Because people are different, a best practice is to define customer personas that then define customer journeys and relevant communication.

Personas are archetypes that mimic and represent real customers to anticipate their goals, pain points, interests and behaviors.


In the above CRM software persona record, note that the persona includes problems, obstacles or challenges. That is important because if there is no problem there will be no solution. Knowing the most pressing challenges allows the company to engage on hot button issues.

The success of your engagement is equal to the quality of your customer intelligence. Other methods to identify customer criteria that lead to more relevant interaction plans include customer segments, customer insights, online behaviors from the marketing automation system and the 360-degree customer view in the CRM system.

360 Degree Customer View

Align with Customer Journeys

Communication is enhanced when you engage at key moments.

To make communication contextual, it's helpful to define interactions pursuant to customer journeys.

A customer engagement plan based on journeys will define milestone touch points, content types and communication cadence or frequency. It will also allow triggering events to override the plan.

A prescribed plan shifts interactions from reactive to proactive and ensures that the relationship with your customers doesn't end at the time of purchase. A regular level of communication, as opposed to just engaging when you want something, develops a dialogue and trust.

In the early stages of a customer relationship, engagement is all about ensuring your product is delivering the intended value. Later stages will apply creative communication to shift customer affinity from the product to the brand.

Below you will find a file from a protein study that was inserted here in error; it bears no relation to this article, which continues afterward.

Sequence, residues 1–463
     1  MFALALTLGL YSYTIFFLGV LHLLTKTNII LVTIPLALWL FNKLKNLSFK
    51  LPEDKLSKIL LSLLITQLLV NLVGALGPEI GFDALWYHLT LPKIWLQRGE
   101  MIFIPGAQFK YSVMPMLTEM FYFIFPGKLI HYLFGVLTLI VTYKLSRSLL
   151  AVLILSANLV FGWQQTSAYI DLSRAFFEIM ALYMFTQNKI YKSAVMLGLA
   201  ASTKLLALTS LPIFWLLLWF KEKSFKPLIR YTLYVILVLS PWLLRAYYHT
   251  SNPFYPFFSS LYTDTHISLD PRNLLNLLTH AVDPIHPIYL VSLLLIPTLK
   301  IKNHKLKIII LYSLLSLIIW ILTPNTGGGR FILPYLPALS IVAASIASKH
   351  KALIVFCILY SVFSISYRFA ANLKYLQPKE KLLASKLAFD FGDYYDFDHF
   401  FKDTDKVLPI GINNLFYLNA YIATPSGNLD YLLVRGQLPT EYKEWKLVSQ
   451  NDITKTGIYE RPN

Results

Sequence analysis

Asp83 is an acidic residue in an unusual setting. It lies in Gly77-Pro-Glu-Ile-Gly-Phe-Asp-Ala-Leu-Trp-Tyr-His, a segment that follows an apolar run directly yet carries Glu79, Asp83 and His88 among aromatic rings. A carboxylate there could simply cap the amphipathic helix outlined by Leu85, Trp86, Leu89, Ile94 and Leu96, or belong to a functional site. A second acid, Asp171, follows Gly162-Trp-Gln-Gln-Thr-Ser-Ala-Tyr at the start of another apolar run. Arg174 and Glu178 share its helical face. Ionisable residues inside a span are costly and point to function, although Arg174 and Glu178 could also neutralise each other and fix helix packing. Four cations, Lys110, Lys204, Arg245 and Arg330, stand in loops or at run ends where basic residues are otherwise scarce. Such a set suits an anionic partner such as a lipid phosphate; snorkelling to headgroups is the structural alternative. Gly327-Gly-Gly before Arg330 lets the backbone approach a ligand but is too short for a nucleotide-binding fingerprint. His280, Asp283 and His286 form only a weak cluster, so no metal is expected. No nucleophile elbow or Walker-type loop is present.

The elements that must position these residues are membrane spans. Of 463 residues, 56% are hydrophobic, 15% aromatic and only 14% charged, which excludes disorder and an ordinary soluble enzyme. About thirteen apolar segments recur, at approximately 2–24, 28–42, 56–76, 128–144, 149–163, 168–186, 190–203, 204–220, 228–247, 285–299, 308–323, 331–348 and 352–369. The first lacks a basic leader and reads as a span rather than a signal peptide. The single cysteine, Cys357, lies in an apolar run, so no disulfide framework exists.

For example, the company may apply a persona-based nurture marketing campaign for prospects, deliver a welcome letter from the CEO during onboarding and provide a newsletter over the course of the relationship. The plan should periodically request feedback to solicit ideas for innovation or product improvements. It should also include the more standard transaction-based communications such as sending customer satisfaction surveys following customer support calls.

Customer Engagement Continuum

There are a few things to keep in mind. More communication is not necessarily better. Monitor frequency to understand how often each customer type or segment wants to hear from you.

Communication is generally not marketing promotions or sales offers but content that aligns customer interests with the company brand, your unique value proposition or your sustainable competitive advantages. Things that truly make the company unique.


Design Brand Messaging

Customers are loyal to brands not products.

Customers prefer companies that align with their values. Purchase decision-making criteria have evolved from products and price. They now include doing business with a brand that the customer can identify with and share the same values.

Emotion, not products or price, drives engagement. And engagement that includes a distinguishable brand identity creates a connection and deeper customer relationship.

Humanizing your brand, adding personality to your messaging and promoting core values creates and reinforces a brand identity. That identity gives customers a reason to be proud of being associated with your brand.